A major cross-industry initiative to develop basic technologies for use in two- and four-stroke marine engines has been officially launched
Led by Wärtsilä, MAN Diesel & Turbo, and Winterthur Gas & Diesel, the Hercules-2 project aims to foster environmentally sustainable and more efficient shipping. It is in line with general policy of the European Union, which is partly funding it.
Altogether, 32 marine industry partners from 11 different companies, 16 universities, and five research organisations are co-operating in this project, which is being co-ordinated by the National Technical University of Athens.
The Hercules-2 project aims to develop basic technologies for marine engines. Photo: MAN Diesel and Turbo
The research and development (R&D) efforts will focus on four main areas: the application of alternative fuels and the optimisation of fuel flexibility to facilitate seamless switching between different fuels; the development of new materials to support high-temperature component applications; the development of adaptive control methodologies to significantly improve an engine’s performance throughout its lifespan; and to achieve near-zero emissions with combined, integrated after-treatment of exhaust gases.
According to Ilari Kallio, Wärtsilä’s vice president of engine R&D, “The greatest of the many benefits stemming from Hercules-2 will be the development of new technologies that have a positive impact on our customers’ profitability. Another is the significant contribution this project will make to more environmentally sustainable shipping.”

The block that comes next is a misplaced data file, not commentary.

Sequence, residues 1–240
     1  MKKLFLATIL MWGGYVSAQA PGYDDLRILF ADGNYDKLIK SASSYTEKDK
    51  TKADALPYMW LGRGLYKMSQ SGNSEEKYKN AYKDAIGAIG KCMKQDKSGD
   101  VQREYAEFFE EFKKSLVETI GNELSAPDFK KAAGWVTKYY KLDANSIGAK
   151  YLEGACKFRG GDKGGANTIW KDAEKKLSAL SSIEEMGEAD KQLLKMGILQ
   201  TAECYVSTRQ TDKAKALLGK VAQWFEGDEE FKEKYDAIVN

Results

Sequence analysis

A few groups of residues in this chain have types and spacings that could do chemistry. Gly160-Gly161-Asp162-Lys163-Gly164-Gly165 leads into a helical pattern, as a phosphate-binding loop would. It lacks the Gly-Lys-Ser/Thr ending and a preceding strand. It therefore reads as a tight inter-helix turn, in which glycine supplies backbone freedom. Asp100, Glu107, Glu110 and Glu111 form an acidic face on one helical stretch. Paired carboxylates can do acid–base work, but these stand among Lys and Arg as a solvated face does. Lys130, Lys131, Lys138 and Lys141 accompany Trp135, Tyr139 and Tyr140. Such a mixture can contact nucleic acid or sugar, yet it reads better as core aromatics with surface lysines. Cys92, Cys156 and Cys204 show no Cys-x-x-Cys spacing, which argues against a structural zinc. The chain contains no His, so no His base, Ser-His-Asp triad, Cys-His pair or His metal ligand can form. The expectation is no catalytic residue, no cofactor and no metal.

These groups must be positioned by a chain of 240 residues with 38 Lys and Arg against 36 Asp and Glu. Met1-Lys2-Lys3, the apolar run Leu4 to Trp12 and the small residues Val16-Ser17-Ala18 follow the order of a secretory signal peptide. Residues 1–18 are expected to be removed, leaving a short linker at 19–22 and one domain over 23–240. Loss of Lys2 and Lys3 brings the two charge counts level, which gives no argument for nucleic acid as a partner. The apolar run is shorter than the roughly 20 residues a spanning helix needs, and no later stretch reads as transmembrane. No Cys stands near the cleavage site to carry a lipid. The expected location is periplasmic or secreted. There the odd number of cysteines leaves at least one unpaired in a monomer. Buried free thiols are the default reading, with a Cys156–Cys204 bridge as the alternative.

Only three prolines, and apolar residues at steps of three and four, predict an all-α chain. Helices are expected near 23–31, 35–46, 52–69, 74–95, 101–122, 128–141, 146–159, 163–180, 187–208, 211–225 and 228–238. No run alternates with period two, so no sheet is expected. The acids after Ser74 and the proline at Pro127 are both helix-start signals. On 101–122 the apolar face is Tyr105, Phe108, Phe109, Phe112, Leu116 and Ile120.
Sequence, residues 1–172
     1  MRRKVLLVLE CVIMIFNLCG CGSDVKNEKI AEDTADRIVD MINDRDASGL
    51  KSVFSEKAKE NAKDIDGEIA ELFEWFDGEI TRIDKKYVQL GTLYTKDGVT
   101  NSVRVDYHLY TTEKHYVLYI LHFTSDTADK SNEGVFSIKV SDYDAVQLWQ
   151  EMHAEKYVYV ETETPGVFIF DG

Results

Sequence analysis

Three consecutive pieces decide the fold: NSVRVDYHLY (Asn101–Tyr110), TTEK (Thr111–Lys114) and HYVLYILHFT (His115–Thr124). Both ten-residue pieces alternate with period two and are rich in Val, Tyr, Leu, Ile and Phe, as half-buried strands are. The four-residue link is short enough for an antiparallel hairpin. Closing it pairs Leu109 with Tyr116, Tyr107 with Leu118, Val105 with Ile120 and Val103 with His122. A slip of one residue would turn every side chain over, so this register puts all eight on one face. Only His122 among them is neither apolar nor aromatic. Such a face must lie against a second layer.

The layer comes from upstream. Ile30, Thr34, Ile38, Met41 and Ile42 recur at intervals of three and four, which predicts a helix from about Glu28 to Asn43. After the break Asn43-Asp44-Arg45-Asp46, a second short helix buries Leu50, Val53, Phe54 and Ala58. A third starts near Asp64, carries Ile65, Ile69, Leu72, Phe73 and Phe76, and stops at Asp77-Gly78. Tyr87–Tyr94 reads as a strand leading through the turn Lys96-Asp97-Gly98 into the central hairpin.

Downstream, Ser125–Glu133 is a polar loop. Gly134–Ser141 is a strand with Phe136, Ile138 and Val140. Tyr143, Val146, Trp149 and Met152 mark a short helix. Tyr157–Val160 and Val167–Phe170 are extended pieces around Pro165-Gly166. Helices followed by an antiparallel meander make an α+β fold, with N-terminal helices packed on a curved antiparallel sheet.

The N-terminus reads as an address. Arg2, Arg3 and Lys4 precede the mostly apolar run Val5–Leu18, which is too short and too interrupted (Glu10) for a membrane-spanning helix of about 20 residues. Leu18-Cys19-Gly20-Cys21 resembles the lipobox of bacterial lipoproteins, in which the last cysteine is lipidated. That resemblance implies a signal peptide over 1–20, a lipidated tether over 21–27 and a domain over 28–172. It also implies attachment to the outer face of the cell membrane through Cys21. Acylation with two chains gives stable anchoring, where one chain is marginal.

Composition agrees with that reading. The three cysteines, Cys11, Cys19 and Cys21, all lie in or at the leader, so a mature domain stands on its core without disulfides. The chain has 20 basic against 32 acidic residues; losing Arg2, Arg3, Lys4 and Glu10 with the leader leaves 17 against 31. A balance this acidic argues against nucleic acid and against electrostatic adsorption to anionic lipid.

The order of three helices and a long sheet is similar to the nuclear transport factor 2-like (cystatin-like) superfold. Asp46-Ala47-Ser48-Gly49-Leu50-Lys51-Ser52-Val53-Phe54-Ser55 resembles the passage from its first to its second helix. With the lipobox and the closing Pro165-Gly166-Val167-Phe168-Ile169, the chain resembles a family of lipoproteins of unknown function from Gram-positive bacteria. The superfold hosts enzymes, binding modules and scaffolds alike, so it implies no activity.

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Soren Jensen, MAN Diesel & Turbo vice president and head of R&D, said, “Hercules-2 is a strong platform that will create a basis for the development of technologies applicable to ship engines in four to five years’ time. We have, therefore, positive expectations and look forward to collaborating with so many cross-industry partners.”
Winterthur Gas & Diesel’s vice president of R&D, Rien Hoogerbrugge, sees Hercules-2 as an important opportunity. “This project enables the partners to combine know-how by bringing together scientists from various fields and institutions to investigate concepts, and to develop robust technologies for application on different types of engines”
The Hercules-2 project is scheduled to run for three years and follows the Hercules R&D programme for large engine technologies, which was originally conceived in 2004 by Wärtsilä and MAN Diesel & Turbo. The Hercules-2 technologies will eventually be employed aboard large ships.
This post was sourced from IHS Maritime 360: View the original article here.